What Is Gross Value Added (GVA)?

Gross value added (GVA) is an economic productivity metric that measures the contribution of a corporate subsidiary, company, or municipality to an economy, producer, sector, or region.

GVA provides a dollar value for the amount of goods and services that have been produced in a country, minus the cost of all inputs and raw materials that are directly attributable to that production. GVA thus adjusts gross domestic product (GDP) by the impact of subsidies and taxes (tariffs) on products.

Key Takeaways

  • Gross value added (GVA) is an economic productivity metric that measures the contribution of a corporate subsidiary, company, or municipality to an economy, producer, sector, or region.
  • GVA is the output of the country less the intermediate consumption, which is the difference between gross output and net output.
  • GVA is important because it is used to adjust GDP, which is a key indicator of the state of a nation's total economy.
  • It can also be used to measure how much money a product or service has contributed toward meeting a company's fixed costs.

Understanding Gross Value Added (GVA)

GVA is the output of the country less the intermediate consumption, which is the difference between gross output and net output. GVA is important because it is used in the calculation of GDP, a key indicator of the state of a nation's total economy. It can also be used to see how much value is added (or lost) from a particular region, state, or province.

At the national level, GVA is sometimes favored as a measure of total economic output and growth over GDP or gross national product (GNP). GVA is related to GDP through taxes on products and subsidies on products. It adds back subsidies that governments grant to certain sectors of the economy and subtracts taxes imposed on others.

At the company level, this metric is often calculated to represent the GVA by a particular product, service, or corporate unit that the company currently produces or provides. Once the consumption of fixed capital and the effects of depreciation are subtracted, the company knows how much net value a particular operation adds to its bottom line. In other words, the GVA number reveals the contribution made by that particular product to the company's profit.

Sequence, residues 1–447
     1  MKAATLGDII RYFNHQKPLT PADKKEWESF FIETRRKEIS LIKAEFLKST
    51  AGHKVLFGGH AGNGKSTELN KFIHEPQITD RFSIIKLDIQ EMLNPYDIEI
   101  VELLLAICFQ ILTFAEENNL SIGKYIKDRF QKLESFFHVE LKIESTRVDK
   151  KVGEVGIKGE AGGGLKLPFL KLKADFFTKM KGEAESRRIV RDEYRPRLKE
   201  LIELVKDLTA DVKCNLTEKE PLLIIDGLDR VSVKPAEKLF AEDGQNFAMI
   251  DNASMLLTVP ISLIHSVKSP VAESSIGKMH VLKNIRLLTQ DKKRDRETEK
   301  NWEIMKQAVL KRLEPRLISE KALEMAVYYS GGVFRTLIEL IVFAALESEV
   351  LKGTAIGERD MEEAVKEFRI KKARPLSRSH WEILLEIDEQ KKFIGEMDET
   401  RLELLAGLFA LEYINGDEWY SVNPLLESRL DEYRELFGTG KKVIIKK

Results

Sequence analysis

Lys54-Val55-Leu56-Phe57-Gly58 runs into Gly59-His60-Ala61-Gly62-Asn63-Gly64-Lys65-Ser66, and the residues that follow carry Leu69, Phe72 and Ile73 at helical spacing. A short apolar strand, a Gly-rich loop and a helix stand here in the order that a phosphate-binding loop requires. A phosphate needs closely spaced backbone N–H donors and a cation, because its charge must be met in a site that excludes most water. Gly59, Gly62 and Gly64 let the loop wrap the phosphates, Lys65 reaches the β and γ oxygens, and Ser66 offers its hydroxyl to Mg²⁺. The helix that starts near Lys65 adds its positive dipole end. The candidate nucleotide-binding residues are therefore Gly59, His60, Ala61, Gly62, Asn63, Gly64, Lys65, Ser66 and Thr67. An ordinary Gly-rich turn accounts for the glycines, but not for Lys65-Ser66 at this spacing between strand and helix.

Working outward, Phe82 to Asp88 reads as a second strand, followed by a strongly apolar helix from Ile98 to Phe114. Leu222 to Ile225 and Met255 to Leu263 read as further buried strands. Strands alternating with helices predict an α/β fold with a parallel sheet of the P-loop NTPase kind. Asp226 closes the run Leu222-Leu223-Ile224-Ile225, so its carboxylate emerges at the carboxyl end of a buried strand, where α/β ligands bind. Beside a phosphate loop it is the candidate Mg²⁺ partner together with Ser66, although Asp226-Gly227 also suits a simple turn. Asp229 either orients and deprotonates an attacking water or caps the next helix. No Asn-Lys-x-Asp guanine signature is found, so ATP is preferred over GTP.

The formula for GVA:

 GVA = GDP + SP TP where: SP =  Subsidies on products TP =  Taxes on products \begin{aligned} &\text{GVA}=\text{GDP} + \text{SP}-\text{TP}\\ &\textbf{where:}\\ &\text{SP}=\text{ Subsidies on products}\\ &\text{TP}=\text{ Taxes on products} \end{aligned} GVA=GDP+SPTPwhere:SP= Subsidies on productsTP= Taxes on products

Gross Value Added (GVA) Example

Let's consider a hypothetical example for the fictitious country, Investopedialand. As a very simplified example of calculating GVA, consider the following data for our fictitious country:

  • Private consumption = $500 billion
  • Gross investment = $250 billion
  • Government investment = $150 billion
  • Government spending = $250 billion
  • Total exports = $150 billion
  • Total imports = $125 billion
  • Total taxes on products = 10%
  • Total subsidies on products = 5%

Using this data, the GVA can be calculated. The first step is to calculate the GDP. Recall that GDP is computed as private consumption + gross investment + government investment + government spending + (exports - imports):

  • GDP = $500 billion + $250 billion + $150 billion + $250 billion + ($150 billion - $125 billion) = $1.175 trillion

Next, we calculate the subsidies and taxes on products. For simplicity's sake, assume that all private consumption is consumption of products. In that case, subsidies and taxes are as follows:

  • Subsidies on products = $500 billion x 5% = $25 billion
  • Taxes on products = $500 billion x 10% = $50 billion

With this, the GVA can be calculated as follows:

  • Gross value added = $1.175 trillion + $25 billion - $50 billion = $1.15 trillion